The FDA on September 6 published several amendments to the July 2004 interim final rule, "Use of Materials Derived from Cattle in Human Food and Cosmetics," that will allow the use of certain cattle-derived material in human foods and cosmetics.
The rule prohibits the use of cattle-derived materials that can carry the infectious agent for bovine spongiform encephalopathy (BSE), or mad cow disease, in human foods, dietary supplements, and in cosmetics. Based on the scientific information provided during the interim final rule's comment period, which demonstrates that a part of the cow's digestive tract called the distal ileum can be consistently and effectively removed from the other sections of the small intestine, it is no longer necessary to designate the entire small intestine as a prohibited cattle material.
As a result, FDA is amending the rule to allow use of the small intestine in human food and cosmetics, provided that the distal ileum has been removed. The U.S. Department of Agriculture is publishing today a similar amendment to its interim final rule on BSE.
The amendments also clarify that milk and milk products, hides and hide-derived products, and tallow derivatives are not prohibited for use in human food and cosmetics.
Curious about the distal ileum, I found an FDA document titled Definition of the Beef Distal Ileum
According to another FDA document, studies have shown that the infected prions will show up in the distal ileum and not the rest of the small intestine, and even then so far only in cows that have been intentionally infected. In addition, the ileum is "very distinguishable as is the straight portion of the intestine" so could be easily removed.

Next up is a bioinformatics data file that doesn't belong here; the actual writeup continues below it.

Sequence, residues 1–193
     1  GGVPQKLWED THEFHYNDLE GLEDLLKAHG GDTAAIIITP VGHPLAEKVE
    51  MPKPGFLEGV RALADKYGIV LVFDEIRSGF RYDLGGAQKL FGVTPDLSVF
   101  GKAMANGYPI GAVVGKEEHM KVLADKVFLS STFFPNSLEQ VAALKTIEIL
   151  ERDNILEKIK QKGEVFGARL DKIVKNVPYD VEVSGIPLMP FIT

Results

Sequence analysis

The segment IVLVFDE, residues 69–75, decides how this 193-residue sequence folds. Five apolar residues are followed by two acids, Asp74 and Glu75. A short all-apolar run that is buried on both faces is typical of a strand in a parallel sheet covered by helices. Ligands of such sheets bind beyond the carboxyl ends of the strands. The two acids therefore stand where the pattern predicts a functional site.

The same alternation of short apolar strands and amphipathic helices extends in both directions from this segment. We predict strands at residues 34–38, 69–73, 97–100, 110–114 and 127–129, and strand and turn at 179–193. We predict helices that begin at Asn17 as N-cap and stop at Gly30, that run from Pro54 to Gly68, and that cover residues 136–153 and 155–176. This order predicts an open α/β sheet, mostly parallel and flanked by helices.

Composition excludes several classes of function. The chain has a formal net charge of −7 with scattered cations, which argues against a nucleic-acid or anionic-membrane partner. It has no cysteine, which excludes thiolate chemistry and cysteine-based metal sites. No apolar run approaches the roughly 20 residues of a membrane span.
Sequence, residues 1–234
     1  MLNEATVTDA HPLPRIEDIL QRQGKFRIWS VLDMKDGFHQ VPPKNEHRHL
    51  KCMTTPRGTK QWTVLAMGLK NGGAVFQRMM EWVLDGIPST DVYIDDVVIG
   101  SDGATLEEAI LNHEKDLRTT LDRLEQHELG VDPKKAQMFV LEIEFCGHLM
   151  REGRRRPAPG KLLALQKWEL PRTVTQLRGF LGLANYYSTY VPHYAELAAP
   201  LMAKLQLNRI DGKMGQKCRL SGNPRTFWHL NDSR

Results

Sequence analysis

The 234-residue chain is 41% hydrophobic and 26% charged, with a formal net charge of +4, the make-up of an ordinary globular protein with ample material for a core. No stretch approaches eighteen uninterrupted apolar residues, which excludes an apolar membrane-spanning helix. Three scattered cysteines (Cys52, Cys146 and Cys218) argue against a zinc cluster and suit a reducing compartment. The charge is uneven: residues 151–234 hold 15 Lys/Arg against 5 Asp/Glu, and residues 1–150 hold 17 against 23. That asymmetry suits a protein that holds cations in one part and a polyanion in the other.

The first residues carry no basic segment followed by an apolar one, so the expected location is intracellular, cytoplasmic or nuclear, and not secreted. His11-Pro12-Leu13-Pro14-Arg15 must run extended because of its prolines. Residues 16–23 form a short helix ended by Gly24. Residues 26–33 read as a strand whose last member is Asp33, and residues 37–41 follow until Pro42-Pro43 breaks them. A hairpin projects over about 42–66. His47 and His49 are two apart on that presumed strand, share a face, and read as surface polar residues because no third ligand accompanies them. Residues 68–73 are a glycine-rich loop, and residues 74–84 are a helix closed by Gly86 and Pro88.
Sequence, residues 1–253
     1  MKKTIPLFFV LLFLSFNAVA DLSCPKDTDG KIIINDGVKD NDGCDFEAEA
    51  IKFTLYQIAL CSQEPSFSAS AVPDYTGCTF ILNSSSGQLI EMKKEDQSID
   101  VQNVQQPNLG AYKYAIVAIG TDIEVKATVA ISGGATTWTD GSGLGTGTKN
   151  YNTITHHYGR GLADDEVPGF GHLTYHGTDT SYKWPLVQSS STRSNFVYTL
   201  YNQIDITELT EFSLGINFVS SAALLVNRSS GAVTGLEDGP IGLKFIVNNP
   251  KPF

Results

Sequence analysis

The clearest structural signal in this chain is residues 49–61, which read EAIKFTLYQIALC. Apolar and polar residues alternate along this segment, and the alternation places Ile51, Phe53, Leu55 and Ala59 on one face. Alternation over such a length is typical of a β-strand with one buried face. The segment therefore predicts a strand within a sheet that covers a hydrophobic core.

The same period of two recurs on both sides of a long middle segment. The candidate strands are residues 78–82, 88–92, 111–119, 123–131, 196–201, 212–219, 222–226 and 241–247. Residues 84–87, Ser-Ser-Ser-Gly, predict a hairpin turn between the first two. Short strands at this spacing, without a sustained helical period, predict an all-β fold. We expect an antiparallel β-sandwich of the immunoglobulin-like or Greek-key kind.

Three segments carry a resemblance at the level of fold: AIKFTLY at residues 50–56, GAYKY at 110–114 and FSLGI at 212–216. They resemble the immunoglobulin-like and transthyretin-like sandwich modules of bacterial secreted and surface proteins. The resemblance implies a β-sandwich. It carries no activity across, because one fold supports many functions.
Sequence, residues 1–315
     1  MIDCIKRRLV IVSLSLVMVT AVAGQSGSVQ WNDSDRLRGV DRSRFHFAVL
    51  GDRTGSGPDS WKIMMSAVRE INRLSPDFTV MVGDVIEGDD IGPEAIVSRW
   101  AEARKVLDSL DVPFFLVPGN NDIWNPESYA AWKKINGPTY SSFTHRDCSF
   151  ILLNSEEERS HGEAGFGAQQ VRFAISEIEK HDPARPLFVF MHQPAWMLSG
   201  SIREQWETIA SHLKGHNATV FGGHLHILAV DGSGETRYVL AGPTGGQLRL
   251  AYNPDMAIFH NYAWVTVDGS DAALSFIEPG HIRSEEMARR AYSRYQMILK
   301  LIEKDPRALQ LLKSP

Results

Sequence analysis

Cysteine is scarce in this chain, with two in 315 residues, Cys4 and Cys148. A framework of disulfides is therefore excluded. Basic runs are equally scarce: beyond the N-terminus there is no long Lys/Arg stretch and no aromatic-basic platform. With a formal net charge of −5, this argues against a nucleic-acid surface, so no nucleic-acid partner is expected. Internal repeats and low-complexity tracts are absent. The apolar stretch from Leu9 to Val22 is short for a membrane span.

In discussing the processing procedures, the document states: "Separation would be monitored by FSIS (Food Safety and Inspection Service) personnel prior to transfer of products to inedible rendering and for processing" and "Verification Options" that include having an FSIS official present at the evisceration table witnessing the separation to having an FSIS official overseeing the process but not being present.
As we've determined in the past, many in this beef processing industry refuse to self-regulate, and so the option of an FSIS agent not being present should not even be considered. The process of removing the ileum from the rest of the small intestine sounds like it requires a degree of profit-shrinking detail that I do not trust this industry to perform consistently.
And if you're asking why this is important and why the small intenstine isn't completely eliminated, this documents states so in its first sentence:
Beef small intenstive is a valuable export commodity to U.S. red meat exporters. Exports of beef small intestine were estimated to be valued at over $9.0 million in 2003 to Japan alone and thus it should be considered a priority to maintain this market while maintaining the integrity of both domestic and international food supplies.